Posted by: jgurner | March 8, 2017

Two classic sci-fi films and books I’d love to see revisited

WARNING: Spoilers for 30-plus year-old movies and books below.

Oft times, translating sci-fi from the written page to the screen is challenging. Film is a visual medium and so much of science fiction is conceptual. It’s hard to get the true depth of the emotion of a story across in an explosion or CG starship battle sequence. But, sometimes it works. And sometimes it works even when the film strays away from the source material to the point at which they become two entirely separate entities. The book is still the book. The movie, which it might have some ties to the source material, is something entirely new.

I recently read two books that are the poster children for this. One for the first time and the other for the first time in three decades. As I was reading both, I realized each of these could be made again – rebooted, if you will – being completely faithful to the story and you would have a film that was as good, maybe better, than the original. Both are classics in the sci-fi book and movie world and both, if done faithfully, would tell quite different stories than the films which they spawned.

First up is Pierre Boulle’s novel La Planète des Singes, or as we non-French speakers know it, Planet of the Apes. Though I’ve known the movies all my life, I’d never read the book until recently.

Now, if you think you know this story from countless weekend all-night movie marathons featuring the Charlton Heston/Roddy McDowell classic on your local TV station back in the 70s and 80s, well, you’re only partially right. While the movie shares the same name and has astronauts from Earth landing on a planet ruled by apes, it has little else to do with the book.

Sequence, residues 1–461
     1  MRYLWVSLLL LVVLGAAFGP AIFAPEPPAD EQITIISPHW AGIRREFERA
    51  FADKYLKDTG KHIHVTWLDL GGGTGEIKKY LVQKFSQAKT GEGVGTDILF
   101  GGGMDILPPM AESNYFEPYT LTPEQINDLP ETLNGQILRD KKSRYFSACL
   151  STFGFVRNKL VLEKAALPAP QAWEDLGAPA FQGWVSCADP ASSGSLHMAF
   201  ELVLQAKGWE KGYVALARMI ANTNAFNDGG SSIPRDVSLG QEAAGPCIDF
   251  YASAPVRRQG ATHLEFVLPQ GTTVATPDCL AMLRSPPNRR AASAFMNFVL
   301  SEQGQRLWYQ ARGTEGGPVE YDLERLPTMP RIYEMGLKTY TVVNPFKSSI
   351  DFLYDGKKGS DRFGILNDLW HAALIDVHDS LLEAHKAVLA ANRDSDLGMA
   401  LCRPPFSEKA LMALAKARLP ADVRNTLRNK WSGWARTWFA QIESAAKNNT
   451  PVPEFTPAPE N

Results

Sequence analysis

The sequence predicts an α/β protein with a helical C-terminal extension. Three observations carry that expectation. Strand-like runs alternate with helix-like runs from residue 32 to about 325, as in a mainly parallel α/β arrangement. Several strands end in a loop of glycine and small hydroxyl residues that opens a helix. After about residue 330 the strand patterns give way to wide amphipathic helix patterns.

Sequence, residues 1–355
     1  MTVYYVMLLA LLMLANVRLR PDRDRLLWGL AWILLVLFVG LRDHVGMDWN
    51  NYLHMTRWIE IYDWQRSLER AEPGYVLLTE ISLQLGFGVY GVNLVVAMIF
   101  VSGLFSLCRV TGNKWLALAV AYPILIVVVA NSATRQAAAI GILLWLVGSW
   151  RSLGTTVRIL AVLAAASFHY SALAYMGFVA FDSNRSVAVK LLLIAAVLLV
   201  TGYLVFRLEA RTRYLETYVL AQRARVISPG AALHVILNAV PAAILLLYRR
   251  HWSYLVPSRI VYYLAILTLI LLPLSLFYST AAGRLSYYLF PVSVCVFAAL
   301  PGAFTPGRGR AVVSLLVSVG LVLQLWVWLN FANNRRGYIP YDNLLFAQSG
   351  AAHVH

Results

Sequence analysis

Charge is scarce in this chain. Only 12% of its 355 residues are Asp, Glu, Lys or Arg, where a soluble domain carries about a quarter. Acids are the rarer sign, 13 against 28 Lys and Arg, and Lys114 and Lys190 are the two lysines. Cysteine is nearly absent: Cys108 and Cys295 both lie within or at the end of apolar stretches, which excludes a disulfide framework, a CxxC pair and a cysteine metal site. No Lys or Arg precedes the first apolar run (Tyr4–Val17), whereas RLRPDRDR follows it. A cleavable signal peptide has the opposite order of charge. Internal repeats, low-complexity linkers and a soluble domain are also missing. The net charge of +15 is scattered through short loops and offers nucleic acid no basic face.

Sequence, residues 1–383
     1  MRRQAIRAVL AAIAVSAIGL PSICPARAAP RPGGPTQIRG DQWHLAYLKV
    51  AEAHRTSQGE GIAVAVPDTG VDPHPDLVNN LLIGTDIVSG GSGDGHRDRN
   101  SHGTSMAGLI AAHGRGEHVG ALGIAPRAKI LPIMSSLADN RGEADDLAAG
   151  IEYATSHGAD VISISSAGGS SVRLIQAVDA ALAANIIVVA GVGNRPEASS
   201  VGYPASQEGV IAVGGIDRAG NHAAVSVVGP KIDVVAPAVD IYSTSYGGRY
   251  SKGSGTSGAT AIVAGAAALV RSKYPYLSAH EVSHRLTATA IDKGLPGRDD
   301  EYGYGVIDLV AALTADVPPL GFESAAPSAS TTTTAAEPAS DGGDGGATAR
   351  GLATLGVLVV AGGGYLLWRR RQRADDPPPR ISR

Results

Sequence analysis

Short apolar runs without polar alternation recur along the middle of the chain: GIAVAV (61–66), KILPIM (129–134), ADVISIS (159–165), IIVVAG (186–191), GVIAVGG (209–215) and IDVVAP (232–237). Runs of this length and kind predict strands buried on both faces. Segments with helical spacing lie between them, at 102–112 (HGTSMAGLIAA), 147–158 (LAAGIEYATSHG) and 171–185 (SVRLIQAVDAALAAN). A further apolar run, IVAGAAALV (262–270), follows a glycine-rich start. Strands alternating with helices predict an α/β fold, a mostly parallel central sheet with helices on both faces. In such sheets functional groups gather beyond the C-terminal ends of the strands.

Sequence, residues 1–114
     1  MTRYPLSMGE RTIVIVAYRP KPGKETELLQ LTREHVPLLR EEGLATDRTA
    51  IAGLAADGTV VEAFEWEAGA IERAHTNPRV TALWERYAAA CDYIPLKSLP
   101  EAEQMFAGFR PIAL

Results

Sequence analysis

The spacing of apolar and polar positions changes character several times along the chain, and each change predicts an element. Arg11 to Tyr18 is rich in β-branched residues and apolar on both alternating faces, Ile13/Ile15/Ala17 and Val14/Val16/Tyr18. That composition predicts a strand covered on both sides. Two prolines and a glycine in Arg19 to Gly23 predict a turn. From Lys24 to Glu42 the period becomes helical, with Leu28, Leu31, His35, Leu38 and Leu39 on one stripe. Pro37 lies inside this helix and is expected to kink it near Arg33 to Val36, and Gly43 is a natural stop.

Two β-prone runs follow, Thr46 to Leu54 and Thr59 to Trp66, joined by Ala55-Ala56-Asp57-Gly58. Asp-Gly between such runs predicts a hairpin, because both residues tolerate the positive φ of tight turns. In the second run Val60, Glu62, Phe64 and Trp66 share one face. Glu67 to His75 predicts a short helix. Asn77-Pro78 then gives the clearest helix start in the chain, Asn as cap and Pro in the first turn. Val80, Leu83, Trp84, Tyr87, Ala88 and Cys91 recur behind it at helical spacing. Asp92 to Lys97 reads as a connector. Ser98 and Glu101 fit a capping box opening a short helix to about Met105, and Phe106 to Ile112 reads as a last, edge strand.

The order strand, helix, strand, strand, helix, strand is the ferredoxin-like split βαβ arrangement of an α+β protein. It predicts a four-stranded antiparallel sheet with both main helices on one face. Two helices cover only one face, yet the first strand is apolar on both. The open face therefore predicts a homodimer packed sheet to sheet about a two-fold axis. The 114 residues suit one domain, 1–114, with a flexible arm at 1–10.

One of the biggest differences is tonal. Boulle’s novel was a social satire more along the lines of George Orwell’s Animal Farm. The apes have taken over, displacing man but, ultimately, bringing about the same failings Boulle saw in the human race. The underlying themes of the book differ from those in the original movie series, which focuses on racial commentary of 1960s America. It also differs from the modern movie franchise’s theme of science run amok and “Hey! I’ve got a bunch of money for fancy CG effects.”

We won’t even talk about the Marky Mark version.

I do truly love the original film, and even it’s sequels including the more cheesy ones, and the TV series and the Saturday morning cartoon. There’s just something about Roddy McDowell in an ape costume you gotta love. I also enjoy the new series of movies, different as they are to anything that came before. And, okay, I’ll admit I sneak the Marky Mark version into my “so bad it’s good” movie rotation now and again. All three versions, however, do have some snippets of Boulle’s original story, with almost all of the original movie series having a plot point or story theme embedded into each movie.

I firmly believe you could take the original book and faithfully translate it onto the movie screen in a way that hasn’t been done previously and you’d still end up with a great, albeit entirely different, movie. I think the type of dark satire the book represents is much more accepted by movie audiences now. The themes of over reliance on technology,  and especially the complacency of the humans who originally inhabited the planet which lead to the rise of the apes, would resinate more now than they did when the book was originally published.

Advances in special effects would also make it a much more practical movie. In the book, the three astronauts land on a world that is much like the world at the time Boulle crafted the story. It’s a modern world with cars, apes in contemporary clothing, and all the modern conveniences. This was considered too expensive in the original Planet of the Apes movies, and so a more primitive setting was used, though you did see a bit of the modern ape world at the end of the Marky Mark version.